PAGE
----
Home / Beatles / The Beatles – Live at the Star Club (The executive version) (No Label)

The Beatles – Live at the Star Club (The executive version) (No Label)

The Beatles, ‘Live At The Star Club (Executive Version)’ (No Label)

Disc 1 – Be-Bop-A-Lula / I Saw Her Standing There / Hallelujah I Love Her So / Red Hot / Sheila / Kansas City / Shimmy Like Kate / Reminiscing / Red Sails In The Sunset / Sweet Little Sixteen / Roll Over Beethoven / A Taste Of Honey / Nothin’ Shakin’ (But The Leaves On The Trees) / I Saw Her Standing There / To Know Her Is To Love Her / Everybody’s Trying To Be My Baby / Till There Was You / Where Have You Been All My Life / Lend Me Your Comb / Your Feet’s Too Big / I’m Talking About You / A Taste Of Honey / Announcement (62:19)

Disk 2 – Preamble / Road Runner / The Hippy Hippy Shake / A Taste Of Honey / Matchbox / Little Queenie / Roll Over Beethoven / Announcement / I Remember You / Ask Me Why / Besame Mucho / Mr. Moonlight / Falling In Love Again / I’m Gonna Sit Right Down And Cry (Over You) / I’m Talking About You / Long Tall Sally / Twist And Shout / Bonus: Hully Gully (Cliff Bennett and the Rebel Rousers)(39:05)

In the pantheon of ‘Holy Grail’ works, the unfettered Beatles Star Club recordings ranks as one of the top searches that we look forward to – So many of the other bootleg or grey area releases come from futzed, muddy dubs of n’th generation tapes that sound like they were recorded from the back or outside of the club.

In early 2018, Lord Reith, champion of desktop bootlegging and one of the best sources of new Beatleg material in the past few years, updated his previous release, ‘Mach Shau’ to ‘The Star Club: Executive Edition’. Remodelling and de-compressing these tapes to the best of his command. Such is the attention to detail, one assumes that if you have a CDR copy of ‘Mach Shau’ or the pressed variants, you can swap them up for this release. The turn around was that quick for me, the last Star Club releases that were in my collection were the Yellow Dog release from 2013 and the Ox Tango (RIP) label release from 2014, part of their definitive remaster series (I haven’t picked up Moonchild’s recent Star Club CD and, after this release, I don’t plan to) These were my comparison for this review through which I could compare and contrast.

From Lord Reith’s originals notes; “This is a new version of my previous Star Club Set “Zu Laut Special Edition”. The principle difference has been the use of new technology to lessen the cavernous reverb inside the club. Because The Beatles played so loud, the reverb is frequently as loud as the actual band itself and the louder they get the more muddy the sound becomes. The reflections blur the sound in the same way multiple exposures on a camera blur an image, with Paul’s bass and Ringo’s drums suffering the most. Removing the excess reverberation effectively places one closer to the stage with a consequent improvement in clarity. To hear the difference most dramatically, compare a loud track like “Sweet Little Sixteen” to previous versions.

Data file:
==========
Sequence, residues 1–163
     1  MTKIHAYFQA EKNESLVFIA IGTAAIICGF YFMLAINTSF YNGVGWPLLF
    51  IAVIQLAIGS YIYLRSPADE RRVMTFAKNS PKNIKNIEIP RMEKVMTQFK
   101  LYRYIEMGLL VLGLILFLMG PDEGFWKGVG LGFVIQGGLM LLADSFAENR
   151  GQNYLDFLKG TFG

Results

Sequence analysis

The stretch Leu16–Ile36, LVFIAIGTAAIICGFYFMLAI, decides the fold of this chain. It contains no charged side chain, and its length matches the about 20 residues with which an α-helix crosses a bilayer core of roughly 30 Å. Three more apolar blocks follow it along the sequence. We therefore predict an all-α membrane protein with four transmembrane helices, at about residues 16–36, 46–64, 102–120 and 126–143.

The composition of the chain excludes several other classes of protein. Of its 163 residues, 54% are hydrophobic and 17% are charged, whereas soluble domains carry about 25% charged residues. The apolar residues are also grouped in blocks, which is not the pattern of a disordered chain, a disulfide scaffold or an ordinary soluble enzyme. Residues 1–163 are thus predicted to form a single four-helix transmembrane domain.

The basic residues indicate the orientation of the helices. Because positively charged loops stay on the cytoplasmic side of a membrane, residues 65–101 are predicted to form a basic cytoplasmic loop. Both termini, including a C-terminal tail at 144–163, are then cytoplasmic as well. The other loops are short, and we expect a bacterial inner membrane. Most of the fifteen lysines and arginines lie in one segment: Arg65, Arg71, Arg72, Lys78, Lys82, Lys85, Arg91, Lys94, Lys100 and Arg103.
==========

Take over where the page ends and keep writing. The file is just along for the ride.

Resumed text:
“I hope this new version brings you a little bit closer to The Beatles at a time when they were relatively ordinary people. The Star Club tapes are an incredible stroke of good fortune, because without them we would never have guessed just how raucous and wild The Beatles could be. Even in their best BBC broadcasts, they never reached the fever-pitched intensity of these performances. They really were a fantastic live band.”

To my mind, there are few people with seemingly better contacts or much better ears than Lord Reith – He does have a way of digging up these rarities and scarcities that no-one else has offered, his treatment of previously issued work is delightful and, best of all, he offers it for free, disregarding the fact that he will be bootlegged. At the very least acknowledging the fact and while not so much giving his blessing, saying ‘C’est la vie’ if his works do end up on silvers.

So, the sound. You have never heard the Star Club recordings sound this good. Honestly, despite the brushing up that YD and Oxtango prepared for their releases, nothing compares to the sound that the lord has managed for these recordings. My first listen was on my in-ear headphones on my commute to work, fairy impressively, the club gig sounded good enough here, upon setting in to comparing this remaster to the silvers I had in my collection, I used a more substantial pair of cans. The sound is, as the good Load pronounces, stripped of the echoing residue that masked or layered previous releases – Sure, this collection is quieter – but in terms of un-brickwalling a CD, it’s far healthier a listen. The drums and bas are certainly a lot easier a listen, far less booming and over embellished, in this instance. My metaphor was going to be that they’ve moved the clarity to the front row, the bass to the cloakroom (If that works for you.) This being a Lord Reith presentation, we don’t miss any chatter either, the speech, being what there is of it, is nice and clear. Who doesn’t want a bonus from Cliff Bennett and The Rabble Rousers too – At least in context, they were on the same tapes.

While the PC disk that included photos, essays, video, etc wasn’t included, if you’re looking for it, you or a downloading capable friend will find it on the internet somewhere. The original covers are pretty much retained, if tweaked slightly. The only thing that’s missing and would have been nice to have had included are the recording dates. Everything else is left in it’s wake, the Executive Edition is the executive choice.

If you liked this review, buy me a cup of joe. (Suggested: $3 a shot or $7.5 for a double)

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